CLOSE-UP of a gold framed miniature portrait of JOHN MERRICK'S
MOTHER (tune or melody over her picture, heartbeat), which
DISSOLVES TO CLOSE-UP of real Mother smiling A shadow comes
over her face. CLOSE-UP of elephant ears, trunks, faces
Dark, heavy feet stomping elephant trumpet, rearing up.
Powerful hit and the Mother falls. Darker. Trunk slides over
Mother's face and breasts and stomach, leaving a moist trail.
MOTHER’S POV of elephant's mouth, eyes, skin. Mother's face
twists and freezes in a blurred snap roll.
BLACK again. Knock, knock sound. Curtain opens to horrified
CUT TO BLACK AND SILENCE
FADE IN TO steam shooting out of a huge old half-rusted
calliope. The music is very loud and raucous. Moving up and
back we see the black awning entrance to the freak tent,
where FREDERICK TREVES, Resident Surgeon and Lecturer on
anatomy at the London Hospital, is standing with his back to
us observing the posters of the freaks.
Coming along a muddy walkway at the side of the tent is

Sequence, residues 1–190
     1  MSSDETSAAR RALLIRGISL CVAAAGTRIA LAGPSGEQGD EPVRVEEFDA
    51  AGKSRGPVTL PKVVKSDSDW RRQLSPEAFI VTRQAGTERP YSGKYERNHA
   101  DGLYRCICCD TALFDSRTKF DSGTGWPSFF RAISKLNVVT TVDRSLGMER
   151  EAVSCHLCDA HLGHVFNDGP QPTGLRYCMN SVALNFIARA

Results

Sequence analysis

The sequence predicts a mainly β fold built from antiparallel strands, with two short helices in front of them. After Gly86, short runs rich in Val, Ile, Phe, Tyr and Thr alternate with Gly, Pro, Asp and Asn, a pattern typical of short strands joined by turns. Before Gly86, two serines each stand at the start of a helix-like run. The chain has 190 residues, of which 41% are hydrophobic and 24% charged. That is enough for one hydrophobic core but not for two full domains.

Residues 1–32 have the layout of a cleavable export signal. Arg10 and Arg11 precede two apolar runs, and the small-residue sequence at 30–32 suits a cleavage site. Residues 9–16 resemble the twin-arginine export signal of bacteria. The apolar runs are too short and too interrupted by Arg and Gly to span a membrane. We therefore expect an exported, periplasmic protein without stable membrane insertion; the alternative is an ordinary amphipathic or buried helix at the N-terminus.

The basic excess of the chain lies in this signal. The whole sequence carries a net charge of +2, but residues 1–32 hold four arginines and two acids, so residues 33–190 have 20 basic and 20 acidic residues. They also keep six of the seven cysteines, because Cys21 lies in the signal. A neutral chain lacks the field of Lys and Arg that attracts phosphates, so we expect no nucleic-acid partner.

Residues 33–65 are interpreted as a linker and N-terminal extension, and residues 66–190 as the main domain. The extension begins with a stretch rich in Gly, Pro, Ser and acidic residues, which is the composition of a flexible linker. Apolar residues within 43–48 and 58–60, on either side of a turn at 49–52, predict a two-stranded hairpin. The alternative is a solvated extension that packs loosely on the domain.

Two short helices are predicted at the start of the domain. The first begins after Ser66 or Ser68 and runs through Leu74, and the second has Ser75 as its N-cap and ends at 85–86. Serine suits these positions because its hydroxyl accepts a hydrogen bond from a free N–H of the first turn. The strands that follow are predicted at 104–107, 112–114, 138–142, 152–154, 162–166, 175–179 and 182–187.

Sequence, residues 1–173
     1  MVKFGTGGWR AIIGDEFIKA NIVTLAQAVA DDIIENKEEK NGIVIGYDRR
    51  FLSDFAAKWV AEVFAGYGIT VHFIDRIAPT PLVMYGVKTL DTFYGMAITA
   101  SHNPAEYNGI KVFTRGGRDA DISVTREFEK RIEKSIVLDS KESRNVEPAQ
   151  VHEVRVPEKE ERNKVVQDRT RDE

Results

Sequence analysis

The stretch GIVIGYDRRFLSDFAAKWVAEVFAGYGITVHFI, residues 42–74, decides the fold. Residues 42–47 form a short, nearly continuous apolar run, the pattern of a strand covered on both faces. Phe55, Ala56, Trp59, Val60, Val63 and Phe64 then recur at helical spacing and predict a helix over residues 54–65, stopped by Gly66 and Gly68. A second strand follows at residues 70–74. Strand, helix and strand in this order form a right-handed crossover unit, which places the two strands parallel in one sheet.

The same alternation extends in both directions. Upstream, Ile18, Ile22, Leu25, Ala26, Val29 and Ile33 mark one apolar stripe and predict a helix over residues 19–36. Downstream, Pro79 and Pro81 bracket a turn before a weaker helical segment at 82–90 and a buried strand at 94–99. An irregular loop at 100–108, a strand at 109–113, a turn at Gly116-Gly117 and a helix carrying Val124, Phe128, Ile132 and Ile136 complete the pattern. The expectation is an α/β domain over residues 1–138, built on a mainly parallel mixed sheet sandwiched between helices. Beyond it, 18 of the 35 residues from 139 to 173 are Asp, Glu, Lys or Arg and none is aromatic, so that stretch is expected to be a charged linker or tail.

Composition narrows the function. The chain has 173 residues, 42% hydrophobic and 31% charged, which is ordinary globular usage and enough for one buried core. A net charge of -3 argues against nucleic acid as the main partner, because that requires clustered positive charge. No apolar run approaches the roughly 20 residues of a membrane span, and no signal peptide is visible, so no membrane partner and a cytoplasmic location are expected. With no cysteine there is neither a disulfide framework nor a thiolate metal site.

Treves' wife, ANNE, and their two DAUGHTERS. The shrill over-
whelming music seems to engulf her.
She looks discomfited, vulnerable, and protective of her
daughters. The girls, oblivious to any fear, are finishing
their chocolate sweets.
CLOSE-UP of Treves looking at a poster.
Treves turns and looks down to a chocolate-covered face. He
smiles at the children and Anne.
Anne sees the dirty faces and begins cleaning one of them.
The other daughter looks into the freak tent.
Poppa... may we go in there?
Alright... Your turn.
She turns the girl away from the freak tent and begins
cleaning her face.
Her kerchief pulls and distorts the little daughter's face.
Suddenly the girl sees a ring of elephants in the distance.
Oh,look M-ummy! Elephants!
Oh, elephants! We'll go see them.
You won't be long?
I'll join you shortly.
She takes the children off toward the elephants.
Treves watches them go for a moment, then turns and we go
with him into the dark freak tent. He pauses to pay admission
at a small booth, then disappears within.
DARKNESS. We hear what could be the trumpeting of an elephant.
Treves parts the black canvas and enters the main part of
the tent. Off to his left he sees a man wrapped in a black
cape, holding a conch shell aloft and blowing powerfully
into it. The tent is dimly lit with flickering oil lamps.
People mill about through the weaving corridors. To Treves'
right, he sees a sign reading, "The Deadly Fruit of the
Original Sin," over a small, very dark corridor.